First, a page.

- I shall not eat improper foods at inopportune times.
- I shall avoid adornment and mindless entertainment.
Fundamental Bodhisattva Vows
- I shall awaken numberless beings.
- I shall end inexhaustible delusions.
- I shall open boundless Dharma gates.
- I shall become the Great Middle Way for the benefit of all.
Additional Bodhisattva Vows
- I shall not praise myself or denigrate others.
- I shall not withhold material aid, protection, and the Dharma from those in need.
- I shall not resent and punish the transgressions of others.
- I shall never abandon the Great Middle Way.
- I shall not usurp what belongs to the Buddha, the Dharma, and the Sangha.
- I shall not disrobe the ordained under my care.
- I shall not destroy the dwellings, property, or livelihood of others.
- I shall not hold wrong views regarding the Noble Truths, karma, rebirth, and emptiness.
- I shall not teach that which is beyond another’s capacity.
- I shall not undermine another’s faith.
- I shall not cause others to regret or abandon skillful vows.
- I shall not disparage the preparatory teachings of the Dharma.
- I shall not claim sublime attainments for myself.
- I shall not exploit the generosity of others.
- I shall not favor the lesser with gifts meant for the great.
- I shall not give up the Supreme Aspiration.
- I shall respect and serve my Root Teacher with body, speech, and mind.
- I shall respect and obey the precepts laid down by the Buddha and the Jonangpa Masters.
- I shall respect and support Vajra brothers and sisters.
- I shall cultivate certainty in Buddha Nature.
- I shall cultivate and sustain love for all sentient beings.
- I shall never abandon or exclude a single sentient being from my compassion.
- I shall study, reflect, and meditate on Other Emptiness.
- I shall prioritize spiritual practice, without distraction.
- I shall observe the fundamental daily[i], monthly[ii], and annual[iii]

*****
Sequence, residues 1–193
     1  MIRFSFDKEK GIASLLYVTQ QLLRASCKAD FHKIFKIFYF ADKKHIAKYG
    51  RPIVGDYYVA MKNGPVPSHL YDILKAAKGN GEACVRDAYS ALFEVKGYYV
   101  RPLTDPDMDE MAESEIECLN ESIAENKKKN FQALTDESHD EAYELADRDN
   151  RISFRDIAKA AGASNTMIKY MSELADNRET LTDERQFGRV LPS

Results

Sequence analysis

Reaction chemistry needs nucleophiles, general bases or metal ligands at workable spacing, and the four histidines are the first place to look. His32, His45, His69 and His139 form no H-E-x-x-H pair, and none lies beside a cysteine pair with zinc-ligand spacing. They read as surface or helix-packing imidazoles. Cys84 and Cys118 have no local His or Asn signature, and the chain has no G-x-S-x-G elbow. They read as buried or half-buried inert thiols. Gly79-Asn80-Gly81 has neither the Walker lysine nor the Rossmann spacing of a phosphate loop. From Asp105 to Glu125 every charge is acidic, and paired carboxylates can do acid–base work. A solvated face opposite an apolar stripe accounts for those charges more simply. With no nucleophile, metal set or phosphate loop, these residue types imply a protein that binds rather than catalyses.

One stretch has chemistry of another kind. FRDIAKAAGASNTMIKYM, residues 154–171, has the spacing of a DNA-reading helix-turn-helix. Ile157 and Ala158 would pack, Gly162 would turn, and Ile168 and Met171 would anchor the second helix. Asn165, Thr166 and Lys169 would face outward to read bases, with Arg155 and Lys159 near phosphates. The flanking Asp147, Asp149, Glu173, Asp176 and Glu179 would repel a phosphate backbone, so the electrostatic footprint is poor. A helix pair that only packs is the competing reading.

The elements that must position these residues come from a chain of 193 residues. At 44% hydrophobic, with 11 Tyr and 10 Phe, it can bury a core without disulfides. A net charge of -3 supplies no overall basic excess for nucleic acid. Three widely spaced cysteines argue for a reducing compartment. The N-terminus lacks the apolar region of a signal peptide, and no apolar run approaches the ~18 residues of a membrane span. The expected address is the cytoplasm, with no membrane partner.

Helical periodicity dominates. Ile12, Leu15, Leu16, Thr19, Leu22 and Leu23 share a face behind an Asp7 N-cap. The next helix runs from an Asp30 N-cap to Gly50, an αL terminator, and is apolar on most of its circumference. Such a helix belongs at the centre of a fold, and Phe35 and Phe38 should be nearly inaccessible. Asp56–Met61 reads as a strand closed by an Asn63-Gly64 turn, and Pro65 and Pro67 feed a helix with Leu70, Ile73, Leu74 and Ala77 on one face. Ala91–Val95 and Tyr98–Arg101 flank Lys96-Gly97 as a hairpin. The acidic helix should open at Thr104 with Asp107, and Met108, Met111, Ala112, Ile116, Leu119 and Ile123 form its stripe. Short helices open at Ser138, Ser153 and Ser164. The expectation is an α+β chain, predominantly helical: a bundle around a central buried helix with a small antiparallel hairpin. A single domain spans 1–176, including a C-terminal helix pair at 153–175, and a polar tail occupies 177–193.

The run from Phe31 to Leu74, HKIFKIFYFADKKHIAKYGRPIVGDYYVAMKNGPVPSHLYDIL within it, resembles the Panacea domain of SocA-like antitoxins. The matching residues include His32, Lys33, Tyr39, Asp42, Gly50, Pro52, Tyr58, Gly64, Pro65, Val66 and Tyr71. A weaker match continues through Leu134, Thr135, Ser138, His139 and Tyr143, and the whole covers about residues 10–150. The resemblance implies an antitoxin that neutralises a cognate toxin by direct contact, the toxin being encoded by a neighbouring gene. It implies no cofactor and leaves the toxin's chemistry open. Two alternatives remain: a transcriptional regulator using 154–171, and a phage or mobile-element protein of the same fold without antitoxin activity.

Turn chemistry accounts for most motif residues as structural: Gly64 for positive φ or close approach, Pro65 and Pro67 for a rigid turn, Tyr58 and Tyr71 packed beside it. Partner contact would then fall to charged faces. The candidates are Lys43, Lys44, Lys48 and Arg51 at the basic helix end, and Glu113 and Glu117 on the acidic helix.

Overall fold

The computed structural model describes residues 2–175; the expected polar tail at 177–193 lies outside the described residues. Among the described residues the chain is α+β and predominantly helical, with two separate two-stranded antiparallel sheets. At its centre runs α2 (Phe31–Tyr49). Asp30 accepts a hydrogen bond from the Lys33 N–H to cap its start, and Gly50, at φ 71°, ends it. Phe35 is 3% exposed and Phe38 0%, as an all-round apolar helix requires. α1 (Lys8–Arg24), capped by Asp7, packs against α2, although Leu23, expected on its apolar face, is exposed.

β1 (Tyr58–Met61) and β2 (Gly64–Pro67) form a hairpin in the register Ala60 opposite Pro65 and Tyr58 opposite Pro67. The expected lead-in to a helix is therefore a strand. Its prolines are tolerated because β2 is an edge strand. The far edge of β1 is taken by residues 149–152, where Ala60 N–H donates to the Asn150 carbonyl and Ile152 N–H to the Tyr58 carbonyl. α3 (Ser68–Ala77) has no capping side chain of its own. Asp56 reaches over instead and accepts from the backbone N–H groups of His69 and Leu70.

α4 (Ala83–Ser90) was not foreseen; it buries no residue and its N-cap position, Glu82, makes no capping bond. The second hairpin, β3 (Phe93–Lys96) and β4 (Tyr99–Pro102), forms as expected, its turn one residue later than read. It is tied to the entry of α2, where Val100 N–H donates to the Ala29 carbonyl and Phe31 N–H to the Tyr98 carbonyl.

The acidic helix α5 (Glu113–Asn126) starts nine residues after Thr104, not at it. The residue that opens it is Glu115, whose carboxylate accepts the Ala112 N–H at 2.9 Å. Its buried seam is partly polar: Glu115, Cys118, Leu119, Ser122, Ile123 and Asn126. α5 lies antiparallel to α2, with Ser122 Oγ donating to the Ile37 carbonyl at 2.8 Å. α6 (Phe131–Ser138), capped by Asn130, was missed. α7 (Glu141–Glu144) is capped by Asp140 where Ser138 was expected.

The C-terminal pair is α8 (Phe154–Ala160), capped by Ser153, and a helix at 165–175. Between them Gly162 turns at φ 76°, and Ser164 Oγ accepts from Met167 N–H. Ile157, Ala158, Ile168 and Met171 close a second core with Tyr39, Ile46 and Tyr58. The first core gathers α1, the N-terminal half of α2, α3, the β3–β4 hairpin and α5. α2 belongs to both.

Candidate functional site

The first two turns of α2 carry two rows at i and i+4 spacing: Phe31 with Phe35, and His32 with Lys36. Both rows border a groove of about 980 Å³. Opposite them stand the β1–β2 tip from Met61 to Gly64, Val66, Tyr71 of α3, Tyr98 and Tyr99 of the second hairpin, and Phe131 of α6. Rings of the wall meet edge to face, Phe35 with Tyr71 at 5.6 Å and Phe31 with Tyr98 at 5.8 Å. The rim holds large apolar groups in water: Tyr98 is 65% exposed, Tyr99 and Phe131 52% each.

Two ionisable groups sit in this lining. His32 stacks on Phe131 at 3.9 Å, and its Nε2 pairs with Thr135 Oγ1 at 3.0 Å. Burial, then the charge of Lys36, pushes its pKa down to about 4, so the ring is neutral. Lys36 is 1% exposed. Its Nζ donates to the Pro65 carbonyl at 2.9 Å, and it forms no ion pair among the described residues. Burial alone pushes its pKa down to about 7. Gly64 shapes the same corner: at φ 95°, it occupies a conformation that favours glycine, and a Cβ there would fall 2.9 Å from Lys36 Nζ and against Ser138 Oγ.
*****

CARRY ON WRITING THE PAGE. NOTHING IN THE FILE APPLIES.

- I shall avoid intimacy with those inimical to the Dharma, and seek their correction.
- I shall transmit only the authentic Great Middle Way, without fear or calculation.
- I shall transmit the teachings only after receiving explicit authorization.
- I shall sustain body and mind, without attachment or aversion.
- I shall never despise or refuse rebirth as long as sentient beings remain.
In short, I shall conduct myself in such a way as to sustain and increase the faith of the faithful and gladden the hearts of all sentient beings.
[i] Refuge and Seven Branch Prayer
[ii] Full Moon Guru Yoga, Dark Moon Protector Yoga, Monthly Healing & Memorial Prayers
[iii] Appearance Anniversary of Buddha Shakyamuni (Saga Dawa)
During one of his last conversations with a prominent disciple, the great Jamgon Kongtrul Lodro Thaye, co-founder of the non-sectarian Rimé movement, humbly stated:
My life’s work is complete. If I were to die tomorrow,
there would be nothing more for me to worry about.
Even if I cannot hope to be reborn in some pure realm,
I might at least gain a human rebirth.
I pray that I will be reborn where I don’t have to eat meat.
—Nesar Karma Tashi Chopel, The Marvelous Gem-Like Vision
Exaggerated expressions accentuate and intensify afflicted emotions. Don’t say “I adore this food” or “I love this car” when a simple “I like” is enough to describe your emotional relationship with a mere object. Don’t say “I hate the heat” or “I detest this music” when you simply dislike them.
Modulate your emotions while describing them. Use language with precision, and you will discover that extreme emotions are conceptual fabrications.